Why It Matters: Restoring and improving fisheries habitat, science-based fisheries management, and access to our fisheries have always been at the center of CSF’s mission. Last week, the House Natural Resources Subcommittee on Water, Wildlife, and Fisheries hosted a hearing on three CSF-supported bills that seek to fund coastal conservation, develop a task force to explore shark depredation, and protect access for anglers to offshore fisheries.
- The U.S. Fish and Wildlife Service’s Coastal Program has been a highly successful, voluntary-based model for coastal wetland and estuary restoration that is in need of authorization and additional funding.
- Sharks have become increasingly problematic for recreational and commercial fisheries in the Atlantic and Gulf of Mexico as their numbers have increased and they have learned that fishing vessels provide easy meals.
- A “Great Red Snapper Count” currently ongoing in the South Atlantic will soon shed more light on the discrepancies between recent stock assessment model outcomes versus what anglers are seeing on the water.
Last week, the House Natural Resources Subcommittee on Water, Wildlife, and Fisheries hosted a hearing on several bills before the committee, three of which are priorities for the Congressional Sportsmen’s Foundation (CSF). CSF submitted a statement for the record strongly supporting the Coastal Habitat Conservation Act of 2023 (H.R. 2950), the SHARKED Act (H.R. 4051), and the Red Snapper Act (H.R. 4587).
The Coastal Habitat Conservation Act of 2023 (H.R. 2950) would authorize the U.S. Fish and Wildlife Service’s Coastal Program and would increase authorized discretionary appropriations from $20 million in Fiscal Year 2024 to $25 million in 2028 for coastal protection, restoration, and enhancement efforts around the nation and in the Great Lakes. This program has proven to be a highly successful public-private partnership for restoring and protecting fish and wildlife habitat on public and privately-owned lands.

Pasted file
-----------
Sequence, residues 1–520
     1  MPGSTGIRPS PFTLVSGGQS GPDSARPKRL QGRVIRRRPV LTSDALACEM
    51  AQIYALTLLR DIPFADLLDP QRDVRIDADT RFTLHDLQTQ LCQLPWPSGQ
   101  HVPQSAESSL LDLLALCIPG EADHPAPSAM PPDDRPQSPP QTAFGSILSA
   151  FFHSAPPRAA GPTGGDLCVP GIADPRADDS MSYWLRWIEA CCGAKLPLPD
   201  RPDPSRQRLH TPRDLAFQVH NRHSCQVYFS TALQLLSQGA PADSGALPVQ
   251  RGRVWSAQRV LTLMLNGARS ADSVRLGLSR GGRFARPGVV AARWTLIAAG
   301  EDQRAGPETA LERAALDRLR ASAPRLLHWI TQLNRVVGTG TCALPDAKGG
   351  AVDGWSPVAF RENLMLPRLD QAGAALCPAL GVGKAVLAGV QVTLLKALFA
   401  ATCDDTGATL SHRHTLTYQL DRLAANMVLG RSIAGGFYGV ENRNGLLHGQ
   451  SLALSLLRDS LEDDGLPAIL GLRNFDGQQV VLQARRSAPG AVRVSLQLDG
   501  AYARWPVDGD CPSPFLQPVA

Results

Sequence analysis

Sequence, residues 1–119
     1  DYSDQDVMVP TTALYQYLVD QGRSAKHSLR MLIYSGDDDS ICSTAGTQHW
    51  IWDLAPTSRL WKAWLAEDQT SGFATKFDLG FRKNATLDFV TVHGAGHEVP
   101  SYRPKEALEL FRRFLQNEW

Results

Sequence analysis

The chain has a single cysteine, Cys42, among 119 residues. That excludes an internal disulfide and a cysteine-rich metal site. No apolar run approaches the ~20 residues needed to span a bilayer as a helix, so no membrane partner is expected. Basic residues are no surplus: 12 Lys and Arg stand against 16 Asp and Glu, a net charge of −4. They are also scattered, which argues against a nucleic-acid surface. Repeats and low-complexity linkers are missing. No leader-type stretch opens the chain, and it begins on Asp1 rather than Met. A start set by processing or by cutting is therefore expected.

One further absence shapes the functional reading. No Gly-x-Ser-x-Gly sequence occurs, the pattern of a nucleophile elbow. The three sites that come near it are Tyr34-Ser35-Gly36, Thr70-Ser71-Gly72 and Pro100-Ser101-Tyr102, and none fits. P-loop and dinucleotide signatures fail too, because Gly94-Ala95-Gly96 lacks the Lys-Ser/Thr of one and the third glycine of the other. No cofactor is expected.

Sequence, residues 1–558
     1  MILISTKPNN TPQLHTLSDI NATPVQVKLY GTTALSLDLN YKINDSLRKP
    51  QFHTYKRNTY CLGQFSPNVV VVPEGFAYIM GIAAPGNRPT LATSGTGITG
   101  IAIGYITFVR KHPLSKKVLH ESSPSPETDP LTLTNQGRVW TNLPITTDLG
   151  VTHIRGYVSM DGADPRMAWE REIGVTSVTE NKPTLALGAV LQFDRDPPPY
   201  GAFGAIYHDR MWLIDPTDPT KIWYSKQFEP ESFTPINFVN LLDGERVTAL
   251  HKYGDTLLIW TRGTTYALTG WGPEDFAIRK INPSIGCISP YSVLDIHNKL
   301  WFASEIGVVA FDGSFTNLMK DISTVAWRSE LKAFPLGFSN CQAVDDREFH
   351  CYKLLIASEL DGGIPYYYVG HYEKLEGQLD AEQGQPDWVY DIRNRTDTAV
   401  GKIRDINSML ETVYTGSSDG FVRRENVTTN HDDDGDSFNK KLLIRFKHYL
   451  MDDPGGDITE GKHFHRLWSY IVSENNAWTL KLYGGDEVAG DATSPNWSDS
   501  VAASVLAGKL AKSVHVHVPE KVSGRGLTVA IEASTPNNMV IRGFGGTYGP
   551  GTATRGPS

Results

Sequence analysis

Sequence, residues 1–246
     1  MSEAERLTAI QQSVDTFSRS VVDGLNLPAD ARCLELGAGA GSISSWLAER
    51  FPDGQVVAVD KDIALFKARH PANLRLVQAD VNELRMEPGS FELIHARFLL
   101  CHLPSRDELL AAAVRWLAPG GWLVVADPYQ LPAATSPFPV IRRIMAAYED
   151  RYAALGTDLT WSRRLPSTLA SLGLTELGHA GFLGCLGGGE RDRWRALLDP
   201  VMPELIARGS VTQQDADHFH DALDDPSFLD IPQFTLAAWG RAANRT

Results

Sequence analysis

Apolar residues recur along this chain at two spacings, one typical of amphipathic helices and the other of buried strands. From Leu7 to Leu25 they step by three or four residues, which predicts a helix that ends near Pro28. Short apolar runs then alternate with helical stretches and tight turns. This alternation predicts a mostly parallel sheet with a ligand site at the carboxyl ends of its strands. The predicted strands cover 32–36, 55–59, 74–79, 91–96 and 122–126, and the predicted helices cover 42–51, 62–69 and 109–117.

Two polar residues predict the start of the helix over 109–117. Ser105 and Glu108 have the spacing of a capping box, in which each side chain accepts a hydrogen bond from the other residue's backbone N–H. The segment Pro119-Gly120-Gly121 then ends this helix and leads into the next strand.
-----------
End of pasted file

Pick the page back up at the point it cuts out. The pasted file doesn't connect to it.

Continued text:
The SHARKED Act (H.R. 4051) would simply establish a non-regulatory task force that would be responsible for making recommendations for improving coordination and communication across the fisheries management community on shark depredation, as well as identifying research priorities and funding opportunities. Shark depredation has quickly become a significant challenge for recreational and commercial fisheries in the Atlantic and the Gulf of Mexico.
The Red Snapper Act (H.R. 4587) would ensure that the National Oceanic and Atmospheric Administration (NOAA) had a more comprehensive assessment of the red snapper population in the South Atlantic before considering implementing area closures. Currently, the South Atlantic “Great Red Snapper Count”, an unprecedented new fishery-independent red snapper assessment for the region, is underway. Despite the highest abundance of red snapper in decades, NOAA recently considered seasonal area closures to all bottom fishing in the South Atlantic. While current stock assessments using models based largely on fishing mortality suggest the population is overfished and undergoing overfishing, the fact that we have historic levels of red snapper biomass that continues to grow suggests otherwise.